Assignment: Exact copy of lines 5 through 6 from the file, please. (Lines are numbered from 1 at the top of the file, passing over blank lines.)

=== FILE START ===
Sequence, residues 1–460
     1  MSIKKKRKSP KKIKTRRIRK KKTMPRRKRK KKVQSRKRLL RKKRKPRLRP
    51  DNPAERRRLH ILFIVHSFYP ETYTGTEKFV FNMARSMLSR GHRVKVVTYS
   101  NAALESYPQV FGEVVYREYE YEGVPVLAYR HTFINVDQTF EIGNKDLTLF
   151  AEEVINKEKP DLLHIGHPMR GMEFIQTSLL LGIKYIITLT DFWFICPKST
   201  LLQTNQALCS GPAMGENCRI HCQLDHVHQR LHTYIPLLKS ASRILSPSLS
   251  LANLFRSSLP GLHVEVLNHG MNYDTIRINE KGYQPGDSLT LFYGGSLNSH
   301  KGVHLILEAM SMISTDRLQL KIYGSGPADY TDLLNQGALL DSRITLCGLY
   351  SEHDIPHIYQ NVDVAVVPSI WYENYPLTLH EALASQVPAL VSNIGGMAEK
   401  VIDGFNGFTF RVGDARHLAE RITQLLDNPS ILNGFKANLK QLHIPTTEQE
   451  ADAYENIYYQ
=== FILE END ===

   151  AEEVINKEKP DLLHIGHPMR GMEFIQTSLL LGIKYIITLT DFWFICPKST
   201  LLQTNQALCS GPAMGENCRI HCQLDHVHQR LHTYIPLLKS ASRILSPSLS